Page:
Human anti-peptidoglycan-IgG-mediated opsonophagocytosis is controlled by calcium mobilization in phorbol myristate acetate-treated U937 cells
Human anti-peptidoglycan-IgG-mediated opsonophagocytosis is controlled by calcium mobilization in phorbol myristate acetate-treated U937 cells
BMB Reports. 2015. Jan, 48(1): 36-41
Copyright © 2015, Korean Society for Biochemistry and Molecular Biology
This is an open-access article distributed under the terms of the Creative Commons Attribution Non-Commercial License ( which permits unrestricted non-commercial use, distribution, and reproduction in any medium, provided the original work is properly cited.
  • Received : April 15, 2014
  • Accepted : April 30, 2014
  • Published : January 31, 2015
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About the Authors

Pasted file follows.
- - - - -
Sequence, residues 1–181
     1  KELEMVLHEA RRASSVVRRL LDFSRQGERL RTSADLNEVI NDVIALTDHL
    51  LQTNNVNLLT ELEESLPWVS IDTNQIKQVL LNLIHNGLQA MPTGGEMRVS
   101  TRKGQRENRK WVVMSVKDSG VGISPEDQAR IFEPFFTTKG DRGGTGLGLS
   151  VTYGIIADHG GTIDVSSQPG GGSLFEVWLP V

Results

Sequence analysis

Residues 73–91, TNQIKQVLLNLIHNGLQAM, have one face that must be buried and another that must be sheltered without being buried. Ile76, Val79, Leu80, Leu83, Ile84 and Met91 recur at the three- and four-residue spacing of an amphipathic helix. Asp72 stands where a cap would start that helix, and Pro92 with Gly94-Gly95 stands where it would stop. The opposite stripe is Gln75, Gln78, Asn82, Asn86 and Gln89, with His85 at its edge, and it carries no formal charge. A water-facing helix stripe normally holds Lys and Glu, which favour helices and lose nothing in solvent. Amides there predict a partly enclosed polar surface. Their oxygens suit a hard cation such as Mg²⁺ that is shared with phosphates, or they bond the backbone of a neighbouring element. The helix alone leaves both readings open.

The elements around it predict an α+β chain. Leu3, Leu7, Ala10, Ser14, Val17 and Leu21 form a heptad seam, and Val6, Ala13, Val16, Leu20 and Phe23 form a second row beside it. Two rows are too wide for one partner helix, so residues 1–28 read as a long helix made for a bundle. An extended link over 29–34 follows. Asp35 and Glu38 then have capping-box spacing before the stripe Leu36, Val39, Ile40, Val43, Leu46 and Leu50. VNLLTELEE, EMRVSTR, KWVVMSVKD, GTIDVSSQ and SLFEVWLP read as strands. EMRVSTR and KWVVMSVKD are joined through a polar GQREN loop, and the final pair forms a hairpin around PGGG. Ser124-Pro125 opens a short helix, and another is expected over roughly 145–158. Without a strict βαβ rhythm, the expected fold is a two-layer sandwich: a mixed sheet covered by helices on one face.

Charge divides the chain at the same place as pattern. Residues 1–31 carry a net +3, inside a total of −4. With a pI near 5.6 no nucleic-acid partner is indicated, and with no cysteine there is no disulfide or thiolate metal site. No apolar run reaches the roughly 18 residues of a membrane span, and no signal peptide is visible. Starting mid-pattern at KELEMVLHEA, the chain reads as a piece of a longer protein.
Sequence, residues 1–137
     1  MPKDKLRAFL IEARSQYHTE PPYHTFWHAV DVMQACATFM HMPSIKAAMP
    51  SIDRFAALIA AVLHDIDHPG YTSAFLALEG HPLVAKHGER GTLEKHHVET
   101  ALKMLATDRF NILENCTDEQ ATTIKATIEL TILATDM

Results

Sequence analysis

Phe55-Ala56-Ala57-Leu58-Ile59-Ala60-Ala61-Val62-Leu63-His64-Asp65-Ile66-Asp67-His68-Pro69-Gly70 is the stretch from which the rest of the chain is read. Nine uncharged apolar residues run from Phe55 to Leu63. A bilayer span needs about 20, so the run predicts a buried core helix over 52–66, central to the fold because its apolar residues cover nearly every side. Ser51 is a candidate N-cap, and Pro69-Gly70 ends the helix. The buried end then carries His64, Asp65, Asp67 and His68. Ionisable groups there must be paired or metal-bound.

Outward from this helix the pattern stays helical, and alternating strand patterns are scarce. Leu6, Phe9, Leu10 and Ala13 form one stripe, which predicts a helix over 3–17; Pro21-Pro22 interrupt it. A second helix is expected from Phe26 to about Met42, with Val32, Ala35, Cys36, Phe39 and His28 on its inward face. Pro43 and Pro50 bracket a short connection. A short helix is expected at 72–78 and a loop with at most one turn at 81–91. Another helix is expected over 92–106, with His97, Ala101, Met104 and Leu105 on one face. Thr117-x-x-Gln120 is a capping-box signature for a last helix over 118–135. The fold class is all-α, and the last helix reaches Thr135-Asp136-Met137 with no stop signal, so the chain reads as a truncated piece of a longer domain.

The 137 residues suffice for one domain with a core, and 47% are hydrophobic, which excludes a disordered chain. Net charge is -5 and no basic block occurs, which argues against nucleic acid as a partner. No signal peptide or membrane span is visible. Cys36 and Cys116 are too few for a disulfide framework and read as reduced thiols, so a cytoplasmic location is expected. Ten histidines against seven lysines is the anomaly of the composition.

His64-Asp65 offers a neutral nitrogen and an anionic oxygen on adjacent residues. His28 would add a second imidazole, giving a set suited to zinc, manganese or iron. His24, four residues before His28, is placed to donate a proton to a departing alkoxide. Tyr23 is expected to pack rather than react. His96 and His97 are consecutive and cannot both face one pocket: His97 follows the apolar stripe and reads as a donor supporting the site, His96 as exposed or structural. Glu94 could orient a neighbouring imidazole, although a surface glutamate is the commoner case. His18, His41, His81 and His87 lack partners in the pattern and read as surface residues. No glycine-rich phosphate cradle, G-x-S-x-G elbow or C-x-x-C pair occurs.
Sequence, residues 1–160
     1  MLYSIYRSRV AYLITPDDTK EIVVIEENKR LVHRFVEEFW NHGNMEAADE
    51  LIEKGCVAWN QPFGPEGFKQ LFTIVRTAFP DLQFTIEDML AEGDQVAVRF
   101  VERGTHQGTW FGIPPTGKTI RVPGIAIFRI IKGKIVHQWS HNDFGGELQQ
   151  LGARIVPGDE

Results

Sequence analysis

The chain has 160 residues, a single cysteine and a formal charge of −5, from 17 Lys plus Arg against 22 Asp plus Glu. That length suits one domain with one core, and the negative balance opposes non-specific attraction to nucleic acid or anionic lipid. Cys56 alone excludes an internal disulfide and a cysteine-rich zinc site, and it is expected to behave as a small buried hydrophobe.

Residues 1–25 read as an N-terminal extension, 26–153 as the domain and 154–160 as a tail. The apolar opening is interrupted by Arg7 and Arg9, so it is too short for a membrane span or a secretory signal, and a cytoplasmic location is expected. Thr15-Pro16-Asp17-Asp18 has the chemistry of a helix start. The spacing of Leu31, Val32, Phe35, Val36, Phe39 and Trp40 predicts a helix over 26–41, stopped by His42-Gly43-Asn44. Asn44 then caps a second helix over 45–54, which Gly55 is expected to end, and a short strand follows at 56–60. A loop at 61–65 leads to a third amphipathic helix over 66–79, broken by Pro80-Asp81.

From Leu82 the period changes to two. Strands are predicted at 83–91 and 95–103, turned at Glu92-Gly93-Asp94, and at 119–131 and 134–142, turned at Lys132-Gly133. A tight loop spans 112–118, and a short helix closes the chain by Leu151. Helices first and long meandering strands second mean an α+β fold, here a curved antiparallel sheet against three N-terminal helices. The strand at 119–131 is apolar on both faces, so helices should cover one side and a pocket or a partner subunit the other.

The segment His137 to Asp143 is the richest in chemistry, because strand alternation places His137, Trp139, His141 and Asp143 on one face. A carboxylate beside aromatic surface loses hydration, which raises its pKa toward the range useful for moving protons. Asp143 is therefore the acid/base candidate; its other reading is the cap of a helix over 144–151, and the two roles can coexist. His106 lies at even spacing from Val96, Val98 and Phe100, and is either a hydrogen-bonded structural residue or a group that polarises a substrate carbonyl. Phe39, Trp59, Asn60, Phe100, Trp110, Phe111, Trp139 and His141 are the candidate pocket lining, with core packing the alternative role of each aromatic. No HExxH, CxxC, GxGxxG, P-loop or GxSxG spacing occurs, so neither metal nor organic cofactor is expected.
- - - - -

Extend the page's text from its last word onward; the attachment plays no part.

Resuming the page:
Min Jung Kim
The Global Research Laboratory of Insect Symbiosis, College of Pharmacy, Pusan National University, Busan 609-735
So-Young Rah
Department of Biochemistry, Chonbuk National University Medical School, Jeonju 561-180, Korea
Jang-Hyun An
The Global Research Laboratory of Insect Symbiosis, College of Pharmacy, Pusan National University, Busan 609-735
Kenji Kurokawa
Faculty of Pharmaceutical Sciences, Nagasaki International University, Nagasaki 859-3298, Japan
Uh-Hyun Kim
Department of Biochemistry, Chonbuk National University Medical School, Jeonju 561-180, Korea
Bok Luel Lee
The Global Research Laboratory of Insect Symbiosis, College of Pharmacy, Pusan National University, Busan 609-735